As part of a project with Blackpool Transport and Disability First, the Passenger team were brought onboard to enhance our Things To Do feature, adding further accessibility information.
According to Disability Sport, there are over 11 million people in the UK with disabilities. With such high numbers of people affected by some form of disability, making our products accessible has always been a high priority. Accessibility is a necessity in the fundamental aim to make digital products usable for everyone. The Passenger team puts accessibility and inclusivity at the heart of design and product improvements. Working on a project with that mutual aim was a gratifying opportunity for us.
The truth about accessibility, is that the features can assist in different ways for different reasons; be it a digital feature on an app or a facility in a venue. It’s something we collectively as users should be utilising.
Knowing there is ramp access can be useful for both wheelchair users, and young families with prams, and knowing there’s an ambulant toilet could be beneficial for the elderly or those with young children.
We hope that these accessibility updates will assist those with mental illness as well as physical disabilities. Research by IAMAT indicates that those with anxiety disorders may feel more at ease when able to plan their experience in detail. Knowing when the bus will arrive and what facilities to expect at a venue could be the difference between a great day out and an anxiety attack. By giving the user more control, we want to empower them with the confidence to travel, where they perhaps, uninformed, would have decided against it.
About the Features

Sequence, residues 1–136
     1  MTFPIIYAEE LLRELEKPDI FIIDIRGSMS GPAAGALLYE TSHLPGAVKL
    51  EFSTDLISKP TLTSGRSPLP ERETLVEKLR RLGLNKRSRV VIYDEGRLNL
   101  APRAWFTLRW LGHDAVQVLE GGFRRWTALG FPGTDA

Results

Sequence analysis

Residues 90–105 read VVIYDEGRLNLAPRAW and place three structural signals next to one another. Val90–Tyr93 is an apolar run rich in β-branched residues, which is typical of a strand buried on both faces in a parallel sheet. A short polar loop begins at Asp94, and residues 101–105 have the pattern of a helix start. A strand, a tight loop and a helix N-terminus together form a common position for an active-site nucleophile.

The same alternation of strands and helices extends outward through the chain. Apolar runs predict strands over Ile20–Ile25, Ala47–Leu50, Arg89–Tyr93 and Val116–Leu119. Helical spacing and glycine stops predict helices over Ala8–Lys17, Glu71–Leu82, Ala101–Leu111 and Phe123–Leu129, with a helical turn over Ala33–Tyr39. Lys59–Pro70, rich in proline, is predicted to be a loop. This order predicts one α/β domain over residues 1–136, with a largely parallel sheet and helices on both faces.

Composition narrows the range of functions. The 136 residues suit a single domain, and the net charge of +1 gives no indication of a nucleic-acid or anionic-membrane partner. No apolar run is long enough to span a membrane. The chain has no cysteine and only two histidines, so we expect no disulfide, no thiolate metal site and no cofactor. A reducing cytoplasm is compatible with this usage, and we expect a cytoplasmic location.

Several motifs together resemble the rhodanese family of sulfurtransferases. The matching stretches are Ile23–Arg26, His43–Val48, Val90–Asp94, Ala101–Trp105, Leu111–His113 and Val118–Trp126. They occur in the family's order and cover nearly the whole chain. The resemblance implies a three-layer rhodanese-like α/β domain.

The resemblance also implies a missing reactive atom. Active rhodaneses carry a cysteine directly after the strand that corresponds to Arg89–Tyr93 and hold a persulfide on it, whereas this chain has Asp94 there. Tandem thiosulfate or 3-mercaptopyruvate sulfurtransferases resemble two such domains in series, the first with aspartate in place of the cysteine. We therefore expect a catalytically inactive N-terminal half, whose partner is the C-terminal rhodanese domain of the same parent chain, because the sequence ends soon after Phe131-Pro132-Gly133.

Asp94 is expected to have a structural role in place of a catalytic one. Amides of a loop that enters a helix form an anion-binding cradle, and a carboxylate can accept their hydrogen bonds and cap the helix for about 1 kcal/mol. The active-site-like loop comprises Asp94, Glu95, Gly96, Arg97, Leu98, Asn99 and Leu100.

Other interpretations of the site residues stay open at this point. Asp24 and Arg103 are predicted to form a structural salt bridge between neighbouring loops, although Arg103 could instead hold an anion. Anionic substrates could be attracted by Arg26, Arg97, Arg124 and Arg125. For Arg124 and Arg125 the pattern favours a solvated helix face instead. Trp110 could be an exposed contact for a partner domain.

One of the new features available to users is ‘venue facilities’. Users can see ahead of time what is going to be available to them when they arrive. This includes:
- If there is seating at the venue
- Baby changing facilities
- Ramps and slopes
- Easy-access toilets
- Companion/Carer discounts
- Sign Language used
Through the journey of this project, we’ve learnt that having an easy-read option can help those with learning difficulties and those who may suffer from vision impairment.
Information is kept simple, concise and limited to only the information that matters when it comes to informing the user about that attraction.
British Sign Language is its own language, with its own grammar and sentence structure.
There is a varying range of knowledge of the English Language for the nearly 90,000 people in the UK who use BSL as their first language. According to a BSL Zone 2016 Report, many BSL users in fact have very low knowledge of both written and spoken English. Having BSL videos available for attractions provides information to those who use the visual language.
Bringing more people to local attractions
The purpose for these changes is to put the power and control into the hands of the user – on their phones or on their desktops. By giving disabled people the tools to plan journeys and confirm venue information, we hope we can empower those users to get on a bus and visit some of the incredible attractions and events Blackpool has to offer, from Madame Tussauds to Blackpool Grand Theatre.